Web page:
Chances are that if a big part of your organization’s environment involves Windows Server 2003, then you’ve probably not spent much time exploring PowerShell. And at this point, you’re probably tired of people talking about how you should get around to learning PowerShell.

So, can you manage Windows Server 2012 R2 without PowerShell? Absolutely. Chances are, most of the skills you have from managing Server 2003 will translate across pretty well to Server 2012 R2. That is, of course, assuming that you only want to use Server 2012 R2 in the same manner that you used Server 2003.

And that’s fine for some people. All they want out of a Server 2012 R2 deployment is some basic networking services, file server functionality, and a domain controller or two to authenticate Active Directory logons. You can even remotely manage Windows Server 2012 R2 in the Server Core configuration without PowerShell as long as you have the Remote Server Administration tools installed.

However, to get the most out of Server 2012 R2, you’ll need to learn PowerShell. If you’ve had a look at many of the consoles in Windows Server 2012 R2, you’ll notice that they are very similar, if not identical, to the consoles in Windows Server 2003. It’s not that the functionality hasn’t evolved, it’s just that to get to some of those new configuration settings, you’ll have to dive into PowerShell.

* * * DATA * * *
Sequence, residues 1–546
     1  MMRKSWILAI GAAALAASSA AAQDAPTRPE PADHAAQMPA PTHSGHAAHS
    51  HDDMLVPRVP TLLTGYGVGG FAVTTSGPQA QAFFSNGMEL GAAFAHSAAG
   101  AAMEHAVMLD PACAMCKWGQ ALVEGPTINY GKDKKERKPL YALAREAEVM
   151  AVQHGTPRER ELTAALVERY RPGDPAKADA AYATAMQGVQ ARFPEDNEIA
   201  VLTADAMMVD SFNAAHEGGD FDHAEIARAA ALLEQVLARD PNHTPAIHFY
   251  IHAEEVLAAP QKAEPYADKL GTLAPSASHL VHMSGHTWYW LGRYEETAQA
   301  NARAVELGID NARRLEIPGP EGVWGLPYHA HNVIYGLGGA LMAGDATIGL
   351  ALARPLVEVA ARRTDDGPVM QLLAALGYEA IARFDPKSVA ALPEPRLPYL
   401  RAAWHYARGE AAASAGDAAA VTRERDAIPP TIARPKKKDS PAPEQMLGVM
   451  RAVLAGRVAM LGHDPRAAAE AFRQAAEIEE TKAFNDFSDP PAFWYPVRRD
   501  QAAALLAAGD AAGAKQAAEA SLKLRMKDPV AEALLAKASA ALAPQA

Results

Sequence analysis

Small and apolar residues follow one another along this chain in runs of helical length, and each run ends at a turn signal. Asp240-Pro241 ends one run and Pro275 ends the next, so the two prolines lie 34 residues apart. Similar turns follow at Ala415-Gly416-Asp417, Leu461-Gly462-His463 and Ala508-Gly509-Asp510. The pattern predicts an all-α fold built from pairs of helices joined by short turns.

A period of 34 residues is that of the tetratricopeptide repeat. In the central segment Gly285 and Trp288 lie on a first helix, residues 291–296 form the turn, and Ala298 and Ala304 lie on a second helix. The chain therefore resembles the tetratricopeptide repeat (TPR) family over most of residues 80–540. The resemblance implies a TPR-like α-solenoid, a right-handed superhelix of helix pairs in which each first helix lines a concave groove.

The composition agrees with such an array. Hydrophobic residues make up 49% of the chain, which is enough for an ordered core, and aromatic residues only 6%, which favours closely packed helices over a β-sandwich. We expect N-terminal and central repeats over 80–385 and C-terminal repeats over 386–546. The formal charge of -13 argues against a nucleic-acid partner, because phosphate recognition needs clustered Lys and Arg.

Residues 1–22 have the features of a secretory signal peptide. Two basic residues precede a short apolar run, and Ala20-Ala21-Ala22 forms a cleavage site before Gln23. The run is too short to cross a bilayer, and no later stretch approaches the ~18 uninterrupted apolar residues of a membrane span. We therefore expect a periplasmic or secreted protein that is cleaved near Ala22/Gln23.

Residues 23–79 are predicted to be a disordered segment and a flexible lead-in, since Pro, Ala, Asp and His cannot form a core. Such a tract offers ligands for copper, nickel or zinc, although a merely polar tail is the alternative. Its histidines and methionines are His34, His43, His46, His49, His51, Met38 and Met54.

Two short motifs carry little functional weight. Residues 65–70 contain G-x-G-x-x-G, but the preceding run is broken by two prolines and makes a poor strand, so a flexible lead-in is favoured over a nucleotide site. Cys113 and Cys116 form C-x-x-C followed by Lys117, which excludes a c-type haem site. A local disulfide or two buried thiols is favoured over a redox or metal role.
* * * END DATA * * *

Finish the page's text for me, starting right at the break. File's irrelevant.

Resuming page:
I suspect that the trick to learning PowerShell is to start with a specific task in mind that you want to accomplish, and then figure out how to perform that task using PowerShell. I’ve talked to a number of server administrators who have tried to pick up PowerShell just by reading a book or watching a video. They lose interest because they are task based learners and introductory PowerShell courses often focus on the basics rather than getting right into performing interesting tasks that server admins use every day.

When I find admins that are pretty new to PowerShell, I ask them to play with the following commands:





These are solid commands used for everyday tasks that they will be familiar with.

So once you’ve performed your migration to Windows Server 2012 R2, start spending some time figuring out how to do stuff with PowerShell that you already do with the GUI. In the long run, you’ll get far more out of Windows Server 2012 R2 than if you only use the techniques you learned managing Windows Server 2003.